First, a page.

Although the infected citrus pose no threat to humans, they are not suitable for consumption because the oranges remain green and taste bitter. This in turn, hurts the citrus market in the county, which has struggled to recover since the winter freezes decades back.
This is a matter of concern for many farmers, including Altman himself, who owns 6 acres of tangerine trees.
While there is no known cure, scientists are striving to find solutions to eradicate this disease.
One successful method of helping stabilize the market has been collaborating with other farm bureaus in different states.
Upon entering the Dade City bureau office, a refrigerator and shelves stocked with various edibles can be spotted.
Many of these foods come from other states, including jams, jellies, sauces and cheeses.
Florida’s Best is a name brand company that distributes products that the Sunshine State is known for – including orange blossom honey.
Currently the largest production distributed out of Pasco County is live cattle, Altman said.
The Farm Bureau also tries to bring awareness to the public and emphasize the importance of agriculture.
The agency’s members attest to its efficiency by word of mouth – as does its county board of directors.
“We try to find people from a diverse background of agriculture to represent that board and help develop policy,” Altman explained.
One such person on the board is State Sen. Wilton Simpson, of Trilby, who also is a poultry farmer.
As a legislator, Simpson articulates the needs of Pasco County farmers to implement policies in their favor within Tallahassee, Altman said.
The agency also has a presence at the annual Pasco County Fair, taking advantage of the venue in its quest to educate the public about the farm industry.
The Farm Bureau puts a heavy emphasis on educating youth, in particular.
“We focus most of our efforts on young people and trying to make sure that those students [who] want to go into agriculture have our support,” Altman stated.
The agency educates kids through youth programs, such as the local Head, Heart, Hands and Health (4H) club and Future Farmers of America (FFA).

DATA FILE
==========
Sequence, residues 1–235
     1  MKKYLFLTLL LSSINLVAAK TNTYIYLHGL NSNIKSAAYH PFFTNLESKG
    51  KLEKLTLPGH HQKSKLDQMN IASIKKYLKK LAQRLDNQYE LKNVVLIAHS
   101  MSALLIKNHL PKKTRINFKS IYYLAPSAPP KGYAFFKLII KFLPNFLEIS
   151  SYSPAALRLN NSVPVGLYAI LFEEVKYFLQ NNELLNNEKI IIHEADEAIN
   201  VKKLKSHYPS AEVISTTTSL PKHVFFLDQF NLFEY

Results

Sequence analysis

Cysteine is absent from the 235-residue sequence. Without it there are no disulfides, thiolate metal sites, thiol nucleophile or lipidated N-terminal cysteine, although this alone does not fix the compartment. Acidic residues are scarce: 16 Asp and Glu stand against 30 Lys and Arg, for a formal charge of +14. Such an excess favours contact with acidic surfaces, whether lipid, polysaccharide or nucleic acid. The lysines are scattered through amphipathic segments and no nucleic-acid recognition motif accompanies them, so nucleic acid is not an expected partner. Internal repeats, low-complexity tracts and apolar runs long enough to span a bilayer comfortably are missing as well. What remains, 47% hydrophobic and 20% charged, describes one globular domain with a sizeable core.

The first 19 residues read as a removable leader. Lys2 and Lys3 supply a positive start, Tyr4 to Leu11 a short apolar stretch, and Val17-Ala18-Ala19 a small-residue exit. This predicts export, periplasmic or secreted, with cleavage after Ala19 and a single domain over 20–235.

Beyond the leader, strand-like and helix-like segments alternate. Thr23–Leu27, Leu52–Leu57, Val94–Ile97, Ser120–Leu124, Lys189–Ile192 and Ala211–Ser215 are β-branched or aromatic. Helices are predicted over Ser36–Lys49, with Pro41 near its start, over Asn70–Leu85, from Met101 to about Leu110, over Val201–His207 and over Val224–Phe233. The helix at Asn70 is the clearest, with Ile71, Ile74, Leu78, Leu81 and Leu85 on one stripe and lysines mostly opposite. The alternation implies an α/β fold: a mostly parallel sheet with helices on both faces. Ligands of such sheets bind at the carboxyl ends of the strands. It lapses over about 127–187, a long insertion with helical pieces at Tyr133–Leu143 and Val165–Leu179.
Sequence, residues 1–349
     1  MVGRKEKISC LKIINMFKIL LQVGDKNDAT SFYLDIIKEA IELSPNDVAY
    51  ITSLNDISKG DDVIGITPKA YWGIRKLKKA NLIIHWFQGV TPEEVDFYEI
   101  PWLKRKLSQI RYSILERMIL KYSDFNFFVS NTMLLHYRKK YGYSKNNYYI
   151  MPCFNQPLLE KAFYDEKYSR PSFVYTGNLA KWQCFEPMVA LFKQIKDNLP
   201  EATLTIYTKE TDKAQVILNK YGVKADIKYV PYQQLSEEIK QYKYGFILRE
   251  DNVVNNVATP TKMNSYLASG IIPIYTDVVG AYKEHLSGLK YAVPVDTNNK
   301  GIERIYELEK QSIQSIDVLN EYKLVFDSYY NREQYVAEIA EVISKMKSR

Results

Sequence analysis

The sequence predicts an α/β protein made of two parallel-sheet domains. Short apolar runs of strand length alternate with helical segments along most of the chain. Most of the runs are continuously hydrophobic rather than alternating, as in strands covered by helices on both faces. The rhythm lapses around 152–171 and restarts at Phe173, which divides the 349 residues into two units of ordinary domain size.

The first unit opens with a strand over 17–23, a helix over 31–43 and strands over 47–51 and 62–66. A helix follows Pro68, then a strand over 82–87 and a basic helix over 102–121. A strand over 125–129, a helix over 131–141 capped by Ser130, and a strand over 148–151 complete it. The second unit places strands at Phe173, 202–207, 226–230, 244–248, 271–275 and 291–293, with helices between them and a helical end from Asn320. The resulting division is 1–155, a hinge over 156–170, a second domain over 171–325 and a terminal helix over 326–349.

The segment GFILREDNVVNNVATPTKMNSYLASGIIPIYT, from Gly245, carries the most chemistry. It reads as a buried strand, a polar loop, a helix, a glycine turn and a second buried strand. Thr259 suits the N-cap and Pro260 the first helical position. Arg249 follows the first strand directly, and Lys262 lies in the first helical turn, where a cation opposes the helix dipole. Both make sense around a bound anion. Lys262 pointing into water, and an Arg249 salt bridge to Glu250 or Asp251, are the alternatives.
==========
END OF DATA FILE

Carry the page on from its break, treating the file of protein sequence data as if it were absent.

It also goes into Pasco County classrooms to introduce teaching and reading sessions for the students, said Altman, who also sits on the Pasco County School Board.
In collaboration with the Pasco Education Foundation, the bureau also offers scholarships to high school seniors who have an interest in pursuing a degree in an agriculture-related field.
Whether buying from a farmer’s market or a commercial grocery story, Altman said he wants the average consumer to understand the effort that goes into making produce or poultry available.
“Don’t take it for granted,” the agency manager said. “Somebody somewhere has worked extremely hard to produce that commodity and put it on the shelf for your convenience.”
The Farm Bureau isn’t the only organization that encourages youths to become involved in the agricultural industry. The U.S. Department of Agriculture (USDA) recently launched a Youth and Agriculture website to connect young people and youth-serving organizations with department-wide resources that engage, empower and educate the next generation of agricultural leaders.
The website’s three key components include: classroom studies, experiential learning and leadership training.
Published June 26, 2019